Here Comes the Indian was a brash onslaught of noise to me, when I first heard it. I didn't put much stock into it, and I certainly didn't expect Animal Collective to evolve into the avant-indie media darlings that Merriweather Post Pavilion thrust onto them. As the lulling folk of Campfire Songs and the pastoral and melodic Sung Tongs exposed me to their more refined sounds, my own musical taste started to evolve into a more cerebral and experimental arena. I started to warm up to the "weirdness" of Animal Collective and how they meshed sound with vocals and other ambient textures.
By the time '07s Strawberry Jam made waves on the Billboard charts I was a solid promoter and fan of their work. So, as Merriweather Post Pavilion has saturated every critic's future best of lists so early in the year, and as hip kid indie rockers tout this band as the tour de influence in their sound, I've quietly become completely obsessed with the album.
Most of the album consists of David "Avey Tare" Portner and Noah "Panda Bear" Lennox trading vocal duties, meshing them into one lush instrument. The harmonies could stand alone, without the music, washing in and out but never turning soft. I would say that most modern pop bands owe at least a smidgen of credit to harmony-laden pioneers, the Beach Boys, but Animal Collective achieves the zen balance of Brian Wilson and co. more precisely than most. They take child-like melodies, the sweet sweet inflection of summer a la Mercury Rev and twist it into something more cinematic and layered. The complexity of sound on this album almost creates a visual representation in your head of what your ears are absorbing, much like a movie and it's completely fitting soundtrack.
The album highlight in my opinion, "My Girls", enters with tickling xylophone-like background sounds and then gently launches into a playful high-stepping chorus reminiscent of old breezy jazz tunes. Easing effortlessly into "Also Frightened", the basic sound is the same… a shimmering wall of sound topped with an irresistible Beatles-esque vocal pairing. "Summertime Clothes" is a hodge podge of sound, at once joyous and submerged in echoey hand claps and thumping bass. Once again, the vocal style just blows me away. The repetitive chanting and plopping back beats, aided by a bouncy tempo, just scream hit single. Could this be their first major crossover explosion? In turn, "Bluish", meandering and liquidious, contains the most addictive lyric on the album for me; "I'm getting lost in your curls". I hear it revolving in my head from sunup to sundown, and all the space in between.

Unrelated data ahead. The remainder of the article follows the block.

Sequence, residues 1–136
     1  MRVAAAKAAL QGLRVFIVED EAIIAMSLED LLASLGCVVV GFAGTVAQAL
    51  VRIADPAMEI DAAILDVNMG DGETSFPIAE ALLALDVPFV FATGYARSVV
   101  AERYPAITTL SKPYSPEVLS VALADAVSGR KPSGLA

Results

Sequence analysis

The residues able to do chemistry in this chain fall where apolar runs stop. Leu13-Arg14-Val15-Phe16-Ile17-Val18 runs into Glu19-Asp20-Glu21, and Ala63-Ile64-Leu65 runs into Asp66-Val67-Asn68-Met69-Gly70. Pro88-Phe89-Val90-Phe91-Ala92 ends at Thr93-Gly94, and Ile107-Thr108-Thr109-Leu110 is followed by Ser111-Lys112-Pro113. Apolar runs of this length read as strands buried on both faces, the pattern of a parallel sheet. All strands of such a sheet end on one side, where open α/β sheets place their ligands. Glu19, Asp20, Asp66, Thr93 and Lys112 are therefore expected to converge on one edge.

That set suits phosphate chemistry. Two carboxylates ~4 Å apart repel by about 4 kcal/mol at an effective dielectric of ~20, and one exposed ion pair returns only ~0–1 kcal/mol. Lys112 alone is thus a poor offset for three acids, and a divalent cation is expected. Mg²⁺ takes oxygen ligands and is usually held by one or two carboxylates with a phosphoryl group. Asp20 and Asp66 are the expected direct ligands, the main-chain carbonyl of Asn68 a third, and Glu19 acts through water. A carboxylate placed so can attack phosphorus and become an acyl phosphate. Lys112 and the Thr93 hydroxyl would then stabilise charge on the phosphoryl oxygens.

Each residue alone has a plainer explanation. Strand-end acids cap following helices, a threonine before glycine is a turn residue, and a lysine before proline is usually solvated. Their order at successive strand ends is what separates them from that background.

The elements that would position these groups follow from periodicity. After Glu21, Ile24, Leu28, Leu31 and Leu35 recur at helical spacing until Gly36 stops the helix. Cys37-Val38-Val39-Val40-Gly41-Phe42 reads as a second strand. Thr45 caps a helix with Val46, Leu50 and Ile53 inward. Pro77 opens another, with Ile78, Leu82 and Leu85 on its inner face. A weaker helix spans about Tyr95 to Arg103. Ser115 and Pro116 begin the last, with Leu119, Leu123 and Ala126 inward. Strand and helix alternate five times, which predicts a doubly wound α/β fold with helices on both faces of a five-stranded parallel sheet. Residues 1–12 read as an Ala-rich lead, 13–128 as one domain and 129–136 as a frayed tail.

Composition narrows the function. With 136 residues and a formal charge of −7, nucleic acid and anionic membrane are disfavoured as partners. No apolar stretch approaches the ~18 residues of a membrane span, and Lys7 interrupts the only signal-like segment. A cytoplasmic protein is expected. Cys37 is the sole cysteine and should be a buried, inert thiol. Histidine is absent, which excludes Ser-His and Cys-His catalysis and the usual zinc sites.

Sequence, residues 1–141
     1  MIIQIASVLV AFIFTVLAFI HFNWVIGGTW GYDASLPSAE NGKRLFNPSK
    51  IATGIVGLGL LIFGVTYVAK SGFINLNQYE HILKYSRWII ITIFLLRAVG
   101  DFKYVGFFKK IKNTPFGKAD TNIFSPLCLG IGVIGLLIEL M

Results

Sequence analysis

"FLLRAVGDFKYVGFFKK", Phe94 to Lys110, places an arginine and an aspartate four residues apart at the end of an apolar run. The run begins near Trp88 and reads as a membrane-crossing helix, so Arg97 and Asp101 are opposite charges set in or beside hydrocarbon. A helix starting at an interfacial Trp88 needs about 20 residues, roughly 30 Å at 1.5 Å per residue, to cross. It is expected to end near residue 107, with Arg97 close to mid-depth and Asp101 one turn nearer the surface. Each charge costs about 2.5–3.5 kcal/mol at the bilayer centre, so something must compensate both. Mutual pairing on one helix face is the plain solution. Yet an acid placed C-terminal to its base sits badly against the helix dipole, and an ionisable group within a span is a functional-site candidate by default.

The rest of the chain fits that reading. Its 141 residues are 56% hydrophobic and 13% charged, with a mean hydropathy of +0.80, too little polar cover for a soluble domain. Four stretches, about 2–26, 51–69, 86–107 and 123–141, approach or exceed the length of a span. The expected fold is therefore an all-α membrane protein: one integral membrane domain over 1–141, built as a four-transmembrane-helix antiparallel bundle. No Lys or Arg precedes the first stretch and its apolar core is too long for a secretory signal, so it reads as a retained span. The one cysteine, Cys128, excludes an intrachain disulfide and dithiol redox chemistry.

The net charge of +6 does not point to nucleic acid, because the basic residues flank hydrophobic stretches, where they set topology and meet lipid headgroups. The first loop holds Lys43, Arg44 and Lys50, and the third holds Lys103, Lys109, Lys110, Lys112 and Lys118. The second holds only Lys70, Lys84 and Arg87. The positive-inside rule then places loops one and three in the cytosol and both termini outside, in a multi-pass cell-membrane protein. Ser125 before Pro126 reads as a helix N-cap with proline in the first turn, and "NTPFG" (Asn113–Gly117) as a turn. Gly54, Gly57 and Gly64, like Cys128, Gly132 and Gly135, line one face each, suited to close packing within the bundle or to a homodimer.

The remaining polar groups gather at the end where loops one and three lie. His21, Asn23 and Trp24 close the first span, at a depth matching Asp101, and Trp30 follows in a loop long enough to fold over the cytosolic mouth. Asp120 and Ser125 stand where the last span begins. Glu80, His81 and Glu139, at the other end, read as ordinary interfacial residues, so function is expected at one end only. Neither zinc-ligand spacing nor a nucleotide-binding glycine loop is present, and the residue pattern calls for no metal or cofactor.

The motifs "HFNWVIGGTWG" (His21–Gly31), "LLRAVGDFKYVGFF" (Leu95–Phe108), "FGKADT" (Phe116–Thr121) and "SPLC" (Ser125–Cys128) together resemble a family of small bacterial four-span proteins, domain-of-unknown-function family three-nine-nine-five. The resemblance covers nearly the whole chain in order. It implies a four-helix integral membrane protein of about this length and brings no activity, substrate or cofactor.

Though this album sounds like it's the sonic chronicle of an otherworldly affair, it finds Animal Collective at their most approachable. As they double back on the vocals, it almost gets more basic than their previous efforts… more child-like and forward moving. Their songs exist as more than just simple songs. They've broken the structure of the pop song and replaced it with a formula more suited to their craft. The overlapping vocal harmonies and circular flow of their songs, and the songs within the album, hint at a much more in-depth approach to soundsmithing than we're used to experiencing.
At times elated and joyous, and other times ghostly and longing, Merriweather Post Pavilion is the most accessible, most polished and arguably the most impeccably cohesive work of Animal Collective's career to date.